Remapping threatens supervisor position
An issue that seemed dead only one month ago has been brought back to life by the El Dorado County Board of Supervisors – and the implications could be fairly large for the Lake Tahoe Basin.
The issue is redistricting – or redrawing supervisorial maps within the county to allow for changes in population. The idea is to ensure that no one district has a distinct advantage in population over another.
Second District Supervisor Ray Nutting resurrected the debate on redistricting at the county board meeting on Tuesday, doubling back on the position he took in April when he spoke out against the idea.
“Since that time, I have announced that I will not be running for a third term,” said Nutting, whose district includes Meyers and Tahoe Paradise. “I think that it’s very important that Tahoe not lose any of its supervisorial representation, and I want to create those assurances on my watch.”
Nutting’s item passed by a 4-1 vote, meaning that steps will now be taken in county government to gather population information to redraw district boundaries this year.
El Dorado County is divided into five districts, each represented by a supervisor. The idea is to have more or less the same population count in each district, so that one district does not have a voting advantage over another. That is why District 1, which includes the city of Placerville, is much smaller than District 4, in which the population is spread out in the far-flung reaches of the north county.
Currently, the Tahoe Basin is represented by two supervisors – Nutting, and Fifth District Supervisor Dave Solaro (whose district includes South Lake Tahoe and West Shore communities).
But Tahoe could conceivably lose one of its representatives – and thus lose a lot of influence in county government – if the boundaries are redrawn as part of the 2000 census.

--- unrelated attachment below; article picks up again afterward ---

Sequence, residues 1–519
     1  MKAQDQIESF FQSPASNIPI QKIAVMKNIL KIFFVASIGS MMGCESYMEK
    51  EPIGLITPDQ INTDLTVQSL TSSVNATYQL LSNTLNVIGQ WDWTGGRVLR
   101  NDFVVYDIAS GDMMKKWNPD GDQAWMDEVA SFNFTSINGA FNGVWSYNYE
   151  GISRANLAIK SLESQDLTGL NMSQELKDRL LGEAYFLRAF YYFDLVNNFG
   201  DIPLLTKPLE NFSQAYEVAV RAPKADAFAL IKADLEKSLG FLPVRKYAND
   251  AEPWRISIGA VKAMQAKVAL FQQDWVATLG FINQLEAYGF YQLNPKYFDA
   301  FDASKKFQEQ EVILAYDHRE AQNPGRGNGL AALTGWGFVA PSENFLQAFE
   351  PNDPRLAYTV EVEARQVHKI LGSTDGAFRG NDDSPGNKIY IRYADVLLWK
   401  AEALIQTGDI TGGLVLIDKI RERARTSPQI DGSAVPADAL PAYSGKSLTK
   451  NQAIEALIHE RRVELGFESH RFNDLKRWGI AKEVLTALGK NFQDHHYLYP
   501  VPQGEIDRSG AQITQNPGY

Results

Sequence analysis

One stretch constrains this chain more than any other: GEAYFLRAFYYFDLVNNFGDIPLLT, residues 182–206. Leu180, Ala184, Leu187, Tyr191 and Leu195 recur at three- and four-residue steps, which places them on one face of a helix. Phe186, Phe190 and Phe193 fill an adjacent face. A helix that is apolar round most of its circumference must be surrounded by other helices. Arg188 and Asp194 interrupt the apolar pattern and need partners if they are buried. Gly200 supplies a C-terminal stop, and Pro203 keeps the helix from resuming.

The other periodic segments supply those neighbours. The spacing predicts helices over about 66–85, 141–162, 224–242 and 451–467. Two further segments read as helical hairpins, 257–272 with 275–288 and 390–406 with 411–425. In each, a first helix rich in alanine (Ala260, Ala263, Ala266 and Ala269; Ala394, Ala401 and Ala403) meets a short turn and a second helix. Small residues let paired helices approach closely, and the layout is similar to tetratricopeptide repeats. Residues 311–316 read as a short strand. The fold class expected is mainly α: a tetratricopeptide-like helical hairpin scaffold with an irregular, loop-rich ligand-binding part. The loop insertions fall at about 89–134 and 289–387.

The problem for Tahoe is this: Tahoe’s west slope is gaining population rapidly, with El Dorado Hills gaining the most. El Dorado County’s population was at approximately 147,000 as of January 1998. By November, it had increased by about 3,000, to 150,000. According to a recent study by the California Center For Economic Development, the population of El Dorado County is projected to increase to 205,700 by 2010, and 247,400 by 2020. Very little of that growth will be in the Tahoe Basin.
Complete statistics for the Basin are not available, but the city of South Lake Tahoe had grown by only 200 people (0.88 percent) from 1997 to 1998.
Nutting estimates that there are 13,700 voters in the El Dorado County portion of the Tahoe Basin.
“And that number is not likely to increase substantially over the next few years,” he said. “There could be three new supervisors in office by 2000, so it’s up to us to set the groundwork to make sure that Tahoe is represented fairly in the future.
“Tahoe is the crown jewel of the county. It is an integral part of what we do here.”
A county task force made up of the planning department, the surveyor’s office and the elections department is currently gathering information needed to redraw boundaries. The task force will report back to the board the first Tuesday in June.
“One of the prerequisites of the board is that we keep two districts in the Tahoe Basin,” said planning director Conrad Montgomery. “We will try to do that. Some districts have grown substantially, but there are ways of drawing the boundaries that will hopefully not knock things out of alignment.”
Solaro also voted in favor of the early redistricting plan.
“My primary concern is that we continue to have two supervisors representing the Tahoe area,” Solaro said. “That is very important to me. I took a straw poll in the (Tahoe) community recently on this issue, and it was very clear that (Tahoe) wants to maintain its representation.”
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